TTC Cell Coverage Urged from Rogers, Telus, and Bell After Fatal Stabbing

Torontonians and city officials are once again asking Rogers, Bell, and Telus to provide underground cellular service on the Toronto Transit Commission (TTC) subway system following a recent lethal stabbing at Keele station — reports The Toronto Star.

On Saturday, March 25, 16-year-old Gabriel Magalhaes was stabbed to death at Keele station, allegedly by a 22-year-old man with a criminal history in Ontario and Newfoundland. Magalhaes is the fourth person to be killed on the TTC since last April.

In the wake of the incident and the recent uptick in violence on the TTC, subway riders are expressing concern for their safety and demanding that Canadian telecom operators commit to providing a critical public safety measure — subway cell service.

“I can’t go on transit every day fearing for my life,” said 17-year-old Naomi Musa in an interview. “I don’t say that as an understatement. I genuinely fear for my life.”

Musa lives on the west side of Toronto and relies on public transit to get to school and make her way around the city. “It would really make me feel better,” she said about cell service on the TTC.

Having underground wireless service on the TTC is about more than just being able to scroll through social media or play a game to kill time on your subway ride — passengers would be able to keep their friends and family apprised of their location, be reachable even when riding the subway, and, if needed, call for help in case of an emergency.

Unfortunately, Shaw Communications-owned Freedom Mobile is the only operator that provides cell service on the TTC right now, despite the required wireless infrastructure being in place for almost a decade. Rogers, Bell, and Telus customers get no cell service on the line.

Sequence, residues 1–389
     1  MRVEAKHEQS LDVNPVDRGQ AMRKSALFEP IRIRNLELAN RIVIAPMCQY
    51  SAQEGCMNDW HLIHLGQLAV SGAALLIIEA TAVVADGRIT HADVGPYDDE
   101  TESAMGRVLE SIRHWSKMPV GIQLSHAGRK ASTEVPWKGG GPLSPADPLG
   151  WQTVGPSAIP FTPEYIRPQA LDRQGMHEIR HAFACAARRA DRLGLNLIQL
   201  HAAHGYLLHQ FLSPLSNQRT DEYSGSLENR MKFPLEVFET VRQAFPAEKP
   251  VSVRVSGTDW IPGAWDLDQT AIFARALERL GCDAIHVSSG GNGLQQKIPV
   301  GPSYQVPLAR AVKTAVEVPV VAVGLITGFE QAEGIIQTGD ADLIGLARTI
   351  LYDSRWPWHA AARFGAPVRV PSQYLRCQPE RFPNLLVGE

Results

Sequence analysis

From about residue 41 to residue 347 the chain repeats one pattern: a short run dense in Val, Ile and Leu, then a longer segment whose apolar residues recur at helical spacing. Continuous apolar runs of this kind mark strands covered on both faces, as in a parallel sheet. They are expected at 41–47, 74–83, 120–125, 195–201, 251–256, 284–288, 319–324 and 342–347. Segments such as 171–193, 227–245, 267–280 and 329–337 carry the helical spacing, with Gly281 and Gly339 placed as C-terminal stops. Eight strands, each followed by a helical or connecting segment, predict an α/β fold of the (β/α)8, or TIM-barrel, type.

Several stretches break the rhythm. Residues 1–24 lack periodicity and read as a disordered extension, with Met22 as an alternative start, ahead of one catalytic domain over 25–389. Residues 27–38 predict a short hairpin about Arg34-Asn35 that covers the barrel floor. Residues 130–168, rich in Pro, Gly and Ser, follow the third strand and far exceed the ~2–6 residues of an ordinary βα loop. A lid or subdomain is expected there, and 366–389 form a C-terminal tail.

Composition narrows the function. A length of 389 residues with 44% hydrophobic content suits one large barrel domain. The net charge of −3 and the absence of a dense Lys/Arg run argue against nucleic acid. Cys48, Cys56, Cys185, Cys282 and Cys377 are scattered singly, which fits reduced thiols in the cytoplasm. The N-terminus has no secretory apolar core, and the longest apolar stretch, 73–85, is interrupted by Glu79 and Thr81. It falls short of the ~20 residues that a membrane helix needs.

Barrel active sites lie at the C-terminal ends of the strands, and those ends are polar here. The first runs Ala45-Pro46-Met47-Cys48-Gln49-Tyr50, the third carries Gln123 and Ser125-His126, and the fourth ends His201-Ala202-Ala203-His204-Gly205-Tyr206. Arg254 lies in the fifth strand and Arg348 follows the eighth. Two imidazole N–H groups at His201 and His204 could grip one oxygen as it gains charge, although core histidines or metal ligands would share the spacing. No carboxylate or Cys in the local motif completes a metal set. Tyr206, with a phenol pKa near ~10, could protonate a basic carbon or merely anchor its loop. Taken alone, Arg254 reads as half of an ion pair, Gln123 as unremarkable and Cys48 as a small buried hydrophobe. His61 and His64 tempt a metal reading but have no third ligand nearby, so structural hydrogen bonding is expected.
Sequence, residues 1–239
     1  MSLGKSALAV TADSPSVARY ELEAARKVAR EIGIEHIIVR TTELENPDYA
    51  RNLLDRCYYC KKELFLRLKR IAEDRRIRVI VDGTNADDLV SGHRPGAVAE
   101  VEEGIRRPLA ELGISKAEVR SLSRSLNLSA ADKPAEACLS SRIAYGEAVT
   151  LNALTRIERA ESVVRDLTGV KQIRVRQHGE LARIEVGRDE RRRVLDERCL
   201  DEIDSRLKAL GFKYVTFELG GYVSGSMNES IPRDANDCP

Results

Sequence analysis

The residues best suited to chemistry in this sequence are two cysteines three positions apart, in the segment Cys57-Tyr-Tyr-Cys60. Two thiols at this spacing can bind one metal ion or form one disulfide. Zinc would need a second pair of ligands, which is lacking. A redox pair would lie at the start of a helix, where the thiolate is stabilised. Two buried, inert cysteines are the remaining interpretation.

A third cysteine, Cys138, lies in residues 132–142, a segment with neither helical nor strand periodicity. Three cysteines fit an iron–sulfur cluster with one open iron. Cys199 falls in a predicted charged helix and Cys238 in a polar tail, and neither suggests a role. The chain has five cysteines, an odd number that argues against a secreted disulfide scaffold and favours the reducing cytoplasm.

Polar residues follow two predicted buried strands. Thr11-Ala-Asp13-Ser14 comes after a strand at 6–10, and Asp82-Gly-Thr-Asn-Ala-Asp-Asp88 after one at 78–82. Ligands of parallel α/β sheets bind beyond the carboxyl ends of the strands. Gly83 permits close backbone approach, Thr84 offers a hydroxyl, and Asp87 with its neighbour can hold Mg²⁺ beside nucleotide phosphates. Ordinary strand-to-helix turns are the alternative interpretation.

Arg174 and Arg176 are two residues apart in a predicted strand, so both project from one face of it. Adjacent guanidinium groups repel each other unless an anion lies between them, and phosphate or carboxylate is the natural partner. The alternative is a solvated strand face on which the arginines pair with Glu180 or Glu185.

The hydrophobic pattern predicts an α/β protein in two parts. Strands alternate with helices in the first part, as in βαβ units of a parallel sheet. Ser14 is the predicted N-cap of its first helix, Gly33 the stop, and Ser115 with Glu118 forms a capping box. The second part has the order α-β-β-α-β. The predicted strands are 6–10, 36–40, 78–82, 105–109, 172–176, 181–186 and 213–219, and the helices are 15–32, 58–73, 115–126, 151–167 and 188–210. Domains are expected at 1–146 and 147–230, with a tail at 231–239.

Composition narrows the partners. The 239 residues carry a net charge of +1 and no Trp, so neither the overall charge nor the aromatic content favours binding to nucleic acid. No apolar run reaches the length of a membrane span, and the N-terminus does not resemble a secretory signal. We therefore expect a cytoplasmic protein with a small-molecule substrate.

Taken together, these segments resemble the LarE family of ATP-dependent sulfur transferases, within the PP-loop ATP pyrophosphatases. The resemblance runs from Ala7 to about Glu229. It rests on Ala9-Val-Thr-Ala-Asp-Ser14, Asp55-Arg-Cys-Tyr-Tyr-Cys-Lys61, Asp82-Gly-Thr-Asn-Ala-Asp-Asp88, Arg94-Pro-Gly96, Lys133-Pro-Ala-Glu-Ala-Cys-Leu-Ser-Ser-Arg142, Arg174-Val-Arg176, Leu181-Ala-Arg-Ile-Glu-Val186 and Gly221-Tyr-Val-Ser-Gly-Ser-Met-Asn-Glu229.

In 2012, BAI Communications won a 20-year, $25 million exclusive contract to build out network infrastructure on the TTC. Today, the infrastructure required for talk, text, and data coverage is in place across all 75 subway stations and portions of the tunnel, but service remains widely unavailable because none of the Big Three have agreed to BAI’s licensing terms and signed on to provide coverage along the TTC.

The issue, it appears, is that Canada’s largest operators aren’t savvy on the idea of leasing someone else’s service infrastructure. Bell previously said that it would prefer to build its own 5G network in the subway, but BAI’s contract prevents Bell and others from deploying their own infrastructure on the TTC.

“Frankly it’s appalling, they should be embarrassed and they should be shamed into providing this service,” said Coun. Chris Moise, who sits on the TTC board.

“We want to start building trust in the system, too. Ridership is down. People are scared to get back on public transit.”

Deputy mayor Jennifer McKelvie said in a statement that cell service on the TTC is a matter of safety, adding that TTC officials have been told that “this needs to happen as soon as possible.”

“The TTC welcomes all major telcoms to sign onto our infrastructure,” said a spokesperson for the transit authority on Tuesday.

Earlier this month, the TTC launched SMS Text a Tip, a new system for riders to “report immediate safety concerns” by sending a text to 647-496-1940. However, doing so would require riders to have cell service in the first place. Passengers can also report safety concerns through the SafeTTC app and a SafeTTC web form available on, but both of those options require internet access.